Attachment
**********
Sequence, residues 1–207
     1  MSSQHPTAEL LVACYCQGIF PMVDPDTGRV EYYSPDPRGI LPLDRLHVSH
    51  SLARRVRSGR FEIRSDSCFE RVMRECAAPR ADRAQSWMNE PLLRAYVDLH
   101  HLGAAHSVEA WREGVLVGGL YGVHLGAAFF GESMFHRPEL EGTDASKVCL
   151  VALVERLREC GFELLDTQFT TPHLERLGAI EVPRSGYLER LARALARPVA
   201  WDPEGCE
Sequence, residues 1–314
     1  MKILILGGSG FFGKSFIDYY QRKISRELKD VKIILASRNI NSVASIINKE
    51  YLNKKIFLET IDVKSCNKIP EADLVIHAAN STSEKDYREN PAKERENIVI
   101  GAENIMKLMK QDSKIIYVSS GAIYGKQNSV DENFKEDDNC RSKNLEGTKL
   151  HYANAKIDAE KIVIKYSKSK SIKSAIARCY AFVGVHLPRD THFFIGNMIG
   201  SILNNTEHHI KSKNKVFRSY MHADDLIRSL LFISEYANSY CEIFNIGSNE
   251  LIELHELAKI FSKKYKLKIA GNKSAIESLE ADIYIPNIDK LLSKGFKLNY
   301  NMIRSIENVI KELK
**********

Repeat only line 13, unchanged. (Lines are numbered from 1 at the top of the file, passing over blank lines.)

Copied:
   251  LIELHELAKI FSKKYKLKIA GNKSAIESLE ADIYIPNIDK LLSKGFKLNY